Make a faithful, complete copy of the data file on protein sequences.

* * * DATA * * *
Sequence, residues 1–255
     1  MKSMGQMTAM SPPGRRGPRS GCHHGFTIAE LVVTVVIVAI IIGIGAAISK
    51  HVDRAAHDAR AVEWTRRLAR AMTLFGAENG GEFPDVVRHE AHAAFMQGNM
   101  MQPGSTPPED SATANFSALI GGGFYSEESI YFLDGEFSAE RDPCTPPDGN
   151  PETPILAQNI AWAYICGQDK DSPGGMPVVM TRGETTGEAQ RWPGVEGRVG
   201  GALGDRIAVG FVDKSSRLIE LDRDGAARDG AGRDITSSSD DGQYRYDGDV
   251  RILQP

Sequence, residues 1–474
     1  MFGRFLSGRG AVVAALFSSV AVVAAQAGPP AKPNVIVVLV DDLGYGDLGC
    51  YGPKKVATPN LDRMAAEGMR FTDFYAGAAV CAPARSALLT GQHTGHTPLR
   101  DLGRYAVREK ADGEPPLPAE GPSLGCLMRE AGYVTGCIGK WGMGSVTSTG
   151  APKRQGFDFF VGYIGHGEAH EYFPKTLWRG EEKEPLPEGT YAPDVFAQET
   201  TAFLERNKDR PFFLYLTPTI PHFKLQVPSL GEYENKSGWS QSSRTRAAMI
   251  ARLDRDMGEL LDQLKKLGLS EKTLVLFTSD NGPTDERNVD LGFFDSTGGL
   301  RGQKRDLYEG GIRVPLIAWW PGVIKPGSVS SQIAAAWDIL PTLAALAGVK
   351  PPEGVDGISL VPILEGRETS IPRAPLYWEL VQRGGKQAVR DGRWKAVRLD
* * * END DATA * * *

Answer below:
Sequence, residues 1–255
     1  MKSMGQMTAM SPPGRRGPRS GCHHGFTIAE LVVTVVIVAI IIGIGAAISK
    51  HVDRAAHDAR AVEWTRRLAR AMTLFGAENG GEFPDVVRHE AHAAFMQGNM
   101  MQPGSTPPED SATANFSALI GGGFYSEESI YFLDGEFSAE RDPCTPPDGN
   151  PETPILAQNI AWAYICGQDK DSPGGMPVVM TRGETTGEAQ RWPGVEGRVG
   201  GALGDRIAVG FVDKSSRLIE LDRDGAARDG AGRDITSSSD DGQYRYDGDV
   251  RILQP

Sequence, residues 1–474
     1  MFGRFLSGRG AVVAALFSSV AVVAAQAGPP AKPNVIVVLV DDLGYGDLGC
    51  YGPKKVATPN LDRMAAEGMR FTDFYAGAAV CAPARSALLT GQHTGHTPLR
   101  DLGRYAVREK ADGEPPLPAE GPSLGCLMRE AGYVTGCIGK WGMGSVTSTG
   151  APKRQGFDFF VGYIGHGEAH EYFPKTLWRG EEKEPLPEGT YAPDVFAQET
   201  TAFLERNKDR PFFLYLTPTI PHFKLQVPSL GEYENKSGWS QSSRTRAAMI
   251  ARLDRDMGEL LDQLKKLGLS EKTLVLFTSD NGPTDERNVD LGFFDSTGGL
   301  RGQKRDLYEG GIRVPLIAWW PGVIKPGSVS SQIAAAWDIL PTLAALAGVK
   351  PPEGVDGISL VPILEGRETS IPRAPLYWEL VQRGGKQAVR DGRWKAVRLD